Strive to be limitless!
Monday, August 19, 2013
Wednesday, August 7, 2013
Monday, August 5, 2013
Losing your tools.
There is a team building exercise to should how much we rely on our senses. It requires the participants to describe an object to another person with one or more of their ability being restricted. It very clearly shows how much we may rely on visual clues or that we may need things described to us to understand. We take these things for granted until they are taken away from us. Logic dictates that it applies to world of photography and I found that out this year.
I dropped my iPad and shattered it earlier in the year. And no, I didn't have Apple care so it would have cost me $300 to repair it (I have been thoroughly chastised already so save the comments!). It was still functional (if you consider looking at everything through a shattered glass functioning) so needless to say, I wasn't going to cough up $300 for something that still worked. I'm not rich yet (my $1,000,000 check keeps getting sent to the wrong address...go figure). Unfortunately, I started getting some dead spots so it was time but by the time I decided to get it fixed, I had all but stopped using it out of frustration. I repaired the tablet this weekend and immediately felt like I had been reunited with an old friend!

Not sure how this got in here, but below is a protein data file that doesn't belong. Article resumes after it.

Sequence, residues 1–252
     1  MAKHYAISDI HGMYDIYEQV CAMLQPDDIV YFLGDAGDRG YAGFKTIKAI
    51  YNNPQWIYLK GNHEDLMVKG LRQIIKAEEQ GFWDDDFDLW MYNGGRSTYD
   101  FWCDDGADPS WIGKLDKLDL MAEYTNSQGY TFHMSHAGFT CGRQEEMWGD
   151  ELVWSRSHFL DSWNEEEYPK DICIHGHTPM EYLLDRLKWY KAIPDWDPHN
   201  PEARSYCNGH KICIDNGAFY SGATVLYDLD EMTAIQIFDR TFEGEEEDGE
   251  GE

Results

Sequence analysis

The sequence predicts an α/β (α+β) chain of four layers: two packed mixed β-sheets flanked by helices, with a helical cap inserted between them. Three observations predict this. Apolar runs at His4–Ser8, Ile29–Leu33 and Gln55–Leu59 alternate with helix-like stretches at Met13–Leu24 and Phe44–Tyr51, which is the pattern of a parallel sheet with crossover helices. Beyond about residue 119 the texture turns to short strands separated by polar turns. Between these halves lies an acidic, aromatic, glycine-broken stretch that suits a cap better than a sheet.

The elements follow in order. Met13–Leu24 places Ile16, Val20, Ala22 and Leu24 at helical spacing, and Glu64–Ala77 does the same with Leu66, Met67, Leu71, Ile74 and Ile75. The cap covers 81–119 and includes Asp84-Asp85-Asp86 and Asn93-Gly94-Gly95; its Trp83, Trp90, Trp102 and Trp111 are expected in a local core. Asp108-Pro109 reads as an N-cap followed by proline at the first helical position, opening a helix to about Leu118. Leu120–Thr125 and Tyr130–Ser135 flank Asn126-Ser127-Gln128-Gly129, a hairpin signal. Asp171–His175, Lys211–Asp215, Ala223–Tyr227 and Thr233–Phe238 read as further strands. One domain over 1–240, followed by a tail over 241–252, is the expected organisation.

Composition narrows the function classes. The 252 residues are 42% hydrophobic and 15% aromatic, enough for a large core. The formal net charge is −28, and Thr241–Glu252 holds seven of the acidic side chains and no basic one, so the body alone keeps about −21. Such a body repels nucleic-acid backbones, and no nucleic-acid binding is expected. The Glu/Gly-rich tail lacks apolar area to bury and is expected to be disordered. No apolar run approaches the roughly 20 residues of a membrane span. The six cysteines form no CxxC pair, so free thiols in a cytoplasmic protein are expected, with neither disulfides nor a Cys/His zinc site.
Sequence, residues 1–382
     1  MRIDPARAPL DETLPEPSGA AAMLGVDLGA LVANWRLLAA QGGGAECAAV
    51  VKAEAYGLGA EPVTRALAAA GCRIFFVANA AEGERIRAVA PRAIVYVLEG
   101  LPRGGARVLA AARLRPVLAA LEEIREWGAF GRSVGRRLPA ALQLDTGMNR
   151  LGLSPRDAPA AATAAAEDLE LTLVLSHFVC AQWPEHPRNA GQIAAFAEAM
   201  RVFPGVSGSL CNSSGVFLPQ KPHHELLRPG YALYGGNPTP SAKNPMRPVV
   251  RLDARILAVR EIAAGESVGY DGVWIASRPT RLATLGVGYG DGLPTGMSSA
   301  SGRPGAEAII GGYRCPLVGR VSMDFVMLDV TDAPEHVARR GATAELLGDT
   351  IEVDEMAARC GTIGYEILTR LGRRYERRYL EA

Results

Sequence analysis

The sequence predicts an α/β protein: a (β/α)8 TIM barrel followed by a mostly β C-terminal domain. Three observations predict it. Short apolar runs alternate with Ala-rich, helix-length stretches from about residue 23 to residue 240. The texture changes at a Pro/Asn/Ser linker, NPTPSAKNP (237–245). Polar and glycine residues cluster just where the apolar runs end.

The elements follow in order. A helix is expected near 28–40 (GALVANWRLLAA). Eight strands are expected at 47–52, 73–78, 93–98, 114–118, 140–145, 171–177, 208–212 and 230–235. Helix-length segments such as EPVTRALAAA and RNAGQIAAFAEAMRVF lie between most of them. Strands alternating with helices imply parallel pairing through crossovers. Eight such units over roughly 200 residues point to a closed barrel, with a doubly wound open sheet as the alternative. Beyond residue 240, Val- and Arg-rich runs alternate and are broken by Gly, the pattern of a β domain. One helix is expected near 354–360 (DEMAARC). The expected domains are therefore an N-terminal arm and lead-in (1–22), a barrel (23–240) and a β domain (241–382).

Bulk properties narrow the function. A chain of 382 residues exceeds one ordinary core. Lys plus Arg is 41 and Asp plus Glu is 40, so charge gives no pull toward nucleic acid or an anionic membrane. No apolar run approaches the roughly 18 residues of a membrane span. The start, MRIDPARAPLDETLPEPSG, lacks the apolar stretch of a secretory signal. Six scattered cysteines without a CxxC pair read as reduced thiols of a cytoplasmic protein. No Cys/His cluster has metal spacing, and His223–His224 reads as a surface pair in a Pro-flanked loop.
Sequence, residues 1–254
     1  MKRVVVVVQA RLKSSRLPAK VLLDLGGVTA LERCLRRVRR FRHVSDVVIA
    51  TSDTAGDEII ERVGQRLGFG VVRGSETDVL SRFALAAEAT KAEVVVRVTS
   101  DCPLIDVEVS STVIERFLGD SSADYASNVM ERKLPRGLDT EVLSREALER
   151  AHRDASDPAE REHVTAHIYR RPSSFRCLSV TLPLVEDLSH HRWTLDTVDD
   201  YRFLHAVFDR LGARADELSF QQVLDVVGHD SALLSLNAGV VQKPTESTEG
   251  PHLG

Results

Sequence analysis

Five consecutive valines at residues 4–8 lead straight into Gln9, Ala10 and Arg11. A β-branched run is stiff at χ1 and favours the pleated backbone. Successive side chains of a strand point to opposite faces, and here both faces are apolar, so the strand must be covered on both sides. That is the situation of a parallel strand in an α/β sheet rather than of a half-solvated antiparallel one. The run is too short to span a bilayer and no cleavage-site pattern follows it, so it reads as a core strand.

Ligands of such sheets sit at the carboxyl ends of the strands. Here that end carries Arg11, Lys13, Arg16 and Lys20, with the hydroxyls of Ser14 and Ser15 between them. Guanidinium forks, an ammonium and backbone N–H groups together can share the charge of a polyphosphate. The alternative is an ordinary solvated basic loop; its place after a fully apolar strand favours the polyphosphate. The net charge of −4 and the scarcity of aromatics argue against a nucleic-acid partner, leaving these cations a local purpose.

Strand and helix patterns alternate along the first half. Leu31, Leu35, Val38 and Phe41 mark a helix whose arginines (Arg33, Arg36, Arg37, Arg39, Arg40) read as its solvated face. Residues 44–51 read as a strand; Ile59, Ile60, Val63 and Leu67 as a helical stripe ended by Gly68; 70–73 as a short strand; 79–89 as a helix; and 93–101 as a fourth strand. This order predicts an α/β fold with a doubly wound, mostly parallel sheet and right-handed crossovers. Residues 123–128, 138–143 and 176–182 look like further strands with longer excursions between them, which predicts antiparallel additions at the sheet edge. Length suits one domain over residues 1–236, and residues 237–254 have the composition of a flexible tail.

I hadn't realized just how much I used this thing! I respond to emails on it. I type blog post like this on it. I create fliers for promotions. And very importantly, I watch videos on new techniques and gear. And that just on the train ride in! I also use it for client demos, image checking in the field, and a myriad of other apps that make my life easier. It increases my productivity and is a great tool. This is by no means a testimonial for iPads however. There are other tablets out there that are just as good and some that are better. This is a blog about the stuff that helps us do the things that we do and we take them for granted.
I'll be starting a new series on the tools that I use that are not actual cameras. I think that it's helpful to see the whole picture because photographers don't just pick up a camera and start shooting. There are a lot of tools in the mix that don't ever get talked about. Hope you enjoy.
On to the next frame...staying in focus.